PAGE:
Mergers and acquisitions in Minnesota and nationally cooled a bit in the third quarter, but bidding wars among private equity firms and strategic buyers helped drive up prices in a seller’s market.

“We’re selling a couple companies right now out of our portfolio of 14 companies, and we’re thinking about putting up for sale a couple more,’’ said Cary Musech, a founder of Tonka Bay Equity Partners, which invests mostly in small precision manufacturers. “It’s a seller’s market. Private equity firms have a lot of money and strategic buyers are having trouble with organic sales growth and they are on the hunt.’’

Banks are willing to lend, and interest rates are low. “We think there are a lot of entrepreneurs also sitting on the sidelines,’’ Musech said.

The result? While the number of transactions has slid from 8,976 during the first nine months of 2012 to 7,601 this year, the value of those transactions rose more than 40 percent to $881 billion, according to ­Dealogic.

In Minnesota during the third quarter, 56 deals were announced involving Minnesota companies as either a buyer or seller, according to data from Bloomberg News.

In addition, six Minnesota companies announced that they’d received venture capital financing either in the third quarter or earlier this year. Three joint ventures were announced and two Minnesota-based public companies raised equity in additional stock offerings.

Andrew Duff, CEO of investment banker Piper Jaffray Cos., told investors earlier this month: “Our equity-related businesses, led by equity capital raising and asset management, registered strong performance and third quarter M&A revenue surpassed the revenue generated in the first half of the year.”

So, despite the consternation and economic dip that resulted from the two-week federal government shutdown, capitalism marches on.

“I get the sense the fourth quarter will continue to be good,” said Eric Nicholson, an investment banker at Greene, Holcomb and Fisher, which represents sellers exclusively. “We’re still in a strong seller’s market due to vast appetite of buyers and there’s low-cost financing available. The government shutdown … fostered fear and uncertainty and that’s not good. It dampens the enthusiasm of sellers and hurts the economy.’’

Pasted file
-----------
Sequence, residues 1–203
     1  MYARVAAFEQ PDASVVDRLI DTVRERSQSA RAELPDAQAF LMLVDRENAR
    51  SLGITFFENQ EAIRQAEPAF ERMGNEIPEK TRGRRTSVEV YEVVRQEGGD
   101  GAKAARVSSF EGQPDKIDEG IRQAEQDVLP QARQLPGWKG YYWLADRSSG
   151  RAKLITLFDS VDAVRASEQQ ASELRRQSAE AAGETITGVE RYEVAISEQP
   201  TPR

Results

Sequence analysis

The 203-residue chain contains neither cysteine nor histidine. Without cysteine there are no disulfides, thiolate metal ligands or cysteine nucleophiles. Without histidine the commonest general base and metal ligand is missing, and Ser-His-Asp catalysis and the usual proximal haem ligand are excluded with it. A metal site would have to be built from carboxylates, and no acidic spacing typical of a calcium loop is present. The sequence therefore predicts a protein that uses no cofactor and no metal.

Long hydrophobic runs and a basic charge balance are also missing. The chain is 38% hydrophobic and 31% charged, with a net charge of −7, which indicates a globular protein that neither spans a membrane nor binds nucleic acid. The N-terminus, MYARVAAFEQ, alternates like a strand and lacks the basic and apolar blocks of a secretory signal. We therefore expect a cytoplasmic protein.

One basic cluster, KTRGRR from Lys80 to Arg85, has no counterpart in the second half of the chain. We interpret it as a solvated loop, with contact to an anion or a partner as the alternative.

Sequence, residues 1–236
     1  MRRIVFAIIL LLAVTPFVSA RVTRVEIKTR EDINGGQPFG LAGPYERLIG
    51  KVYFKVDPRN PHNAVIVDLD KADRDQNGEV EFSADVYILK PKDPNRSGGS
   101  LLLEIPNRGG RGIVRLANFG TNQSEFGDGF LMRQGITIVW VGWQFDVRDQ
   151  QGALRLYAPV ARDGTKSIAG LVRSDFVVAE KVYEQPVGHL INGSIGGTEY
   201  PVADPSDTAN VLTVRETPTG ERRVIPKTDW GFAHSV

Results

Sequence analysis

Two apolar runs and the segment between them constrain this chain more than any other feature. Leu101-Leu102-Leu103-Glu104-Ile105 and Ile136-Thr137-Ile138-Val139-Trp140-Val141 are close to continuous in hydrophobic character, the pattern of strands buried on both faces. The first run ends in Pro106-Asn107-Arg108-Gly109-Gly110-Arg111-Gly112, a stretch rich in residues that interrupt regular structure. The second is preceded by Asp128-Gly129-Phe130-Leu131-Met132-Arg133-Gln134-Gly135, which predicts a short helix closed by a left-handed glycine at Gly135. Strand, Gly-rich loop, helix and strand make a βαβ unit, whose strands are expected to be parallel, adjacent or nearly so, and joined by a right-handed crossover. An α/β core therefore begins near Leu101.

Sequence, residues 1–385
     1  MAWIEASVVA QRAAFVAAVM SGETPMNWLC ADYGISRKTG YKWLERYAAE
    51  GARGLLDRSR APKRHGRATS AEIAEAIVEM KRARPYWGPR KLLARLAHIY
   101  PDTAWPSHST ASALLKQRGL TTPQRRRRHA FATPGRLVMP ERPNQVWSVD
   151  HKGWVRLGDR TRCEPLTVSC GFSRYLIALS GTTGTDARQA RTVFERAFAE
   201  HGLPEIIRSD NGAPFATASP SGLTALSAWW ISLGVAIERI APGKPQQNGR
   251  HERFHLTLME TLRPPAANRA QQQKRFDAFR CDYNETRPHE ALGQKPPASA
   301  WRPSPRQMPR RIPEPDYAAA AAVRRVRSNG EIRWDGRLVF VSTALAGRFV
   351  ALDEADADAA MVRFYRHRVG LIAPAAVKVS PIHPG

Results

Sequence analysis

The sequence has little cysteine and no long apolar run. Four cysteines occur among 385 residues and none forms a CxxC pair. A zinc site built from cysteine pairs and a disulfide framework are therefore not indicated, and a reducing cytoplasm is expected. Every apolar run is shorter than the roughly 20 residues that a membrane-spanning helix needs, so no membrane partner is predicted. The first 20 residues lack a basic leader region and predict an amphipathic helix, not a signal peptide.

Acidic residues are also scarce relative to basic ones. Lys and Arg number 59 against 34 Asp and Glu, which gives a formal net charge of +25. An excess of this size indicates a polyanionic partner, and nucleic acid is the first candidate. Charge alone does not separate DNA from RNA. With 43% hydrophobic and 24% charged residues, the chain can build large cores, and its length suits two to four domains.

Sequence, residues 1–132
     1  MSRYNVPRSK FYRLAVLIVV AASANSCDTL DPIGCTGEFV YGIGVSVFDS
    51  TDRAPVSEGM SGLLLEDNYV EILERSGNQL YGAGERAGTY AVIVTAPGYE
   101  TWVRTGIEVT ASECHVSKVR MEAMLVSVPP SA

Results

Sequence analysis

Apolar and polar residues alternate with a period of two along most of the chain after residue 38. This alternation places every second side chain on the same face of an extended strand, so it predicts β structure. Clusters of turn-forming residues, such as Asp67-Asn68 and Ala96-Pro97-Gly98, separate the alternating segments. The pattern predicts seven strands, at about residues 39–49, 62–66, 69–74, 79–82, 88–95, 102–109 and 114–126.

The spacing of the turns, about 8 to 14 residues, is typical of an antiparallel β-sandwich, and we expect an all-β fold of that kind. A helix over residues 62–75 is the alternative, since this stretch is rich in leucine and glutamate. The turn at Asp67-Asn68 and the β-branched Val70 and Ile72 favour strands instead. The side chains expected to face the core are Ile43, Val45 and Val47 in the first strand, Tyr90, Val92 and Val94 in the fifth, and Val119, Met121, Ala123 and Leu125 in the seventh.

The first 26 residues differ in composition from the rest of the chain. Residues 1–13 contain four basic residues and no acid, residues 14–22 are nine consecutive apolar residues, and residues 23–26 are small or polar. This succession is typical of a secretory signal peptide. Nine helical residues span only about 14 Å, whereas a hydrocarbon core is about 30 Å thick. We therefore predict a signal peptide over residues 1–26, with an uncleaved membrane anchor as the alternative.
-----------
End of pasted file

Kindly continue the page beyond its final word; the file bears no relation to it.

But Nicholson said good deals get done and valuations are very strong. “There are a lot of strategic buyers and private equity groups desperate to put money to work. Last year was an aberration because so many deals got pulled into the fourth quarter in an anticipation of the 2013 tax increases [on high-earning Americans]. But I’m working on two deals for sellers that should close in the next 30 days.”

Notable Minnesota third-quarter deals include:

• Spartan Stores of Michigan will acquire food wholesaler Nash Finch of Edina, which has struggled in recent years, in a stock deal valued at about $700 million.

• Huge medical products firm CR Bard is acquiring urinary products maker Rochester Medical for about $262 million. On Aug. 19, Bard also agreed to acquire Brooklyn Center-based Medafor, which makes blood clot treatments, for $200 million in cash and as much as $80 million more, depending on performance.

• Publicly traded Patterson Cos. of Mendota Heights announced it acquired Expert Dental Consultants of Novi, Mich., for an undisclosed amount.

• Printing conglomerate Taylor Corp. of North Mankato is buying two smaller firms in Minnetonka and Grand Rapids, Mich., in private transactions.

• Chanhassen-based Snap Fitness is buying smaller Steele Fitness of Wayzata. Terms were not disclosed. Snap Fitness said it had revenue of $70 million last year with operating earnings of $21 million, a figure that has been growing at a 20 percent annual clip. Snap Fitness has been adding new franchises at rate of 15 to 20 clubs a month. The acquisition of Steele is expected to add higher-end personal training services throughout its system.

• On Sept. 30, the last day of the quarter, Andersen Corp., the big window manufacturer based in Bayport, announced it would buy Weiland Sliding Doors & Windows of Ocean­side, Calif.

Meanwhile, equity-capital raising is surging.

The number of U.S. initial public offerings and follow-on sales of public stock was 754 through Oct. 22, compared with a total of 730 offerings in all of 2012.

“The offering environment continues to be as strong as I’ve seen since 2007,” Rick Hartfiel, Craig-Hallum Capital’s investment banking chief, said last week. “I see a good pipeline of offerings in November-December, after companies report third-quarter earnings. Companies take advantage of this market to strengthen balance sheets. Institutional investors want good stocks to buy.”

To that end, Datalink, a Craig-Hallum client, and Stratasys raised equity capital during the third quarter as their stock prices rose in a buoyant market.


Star Tribune researcher Jim Foster contributed to this report.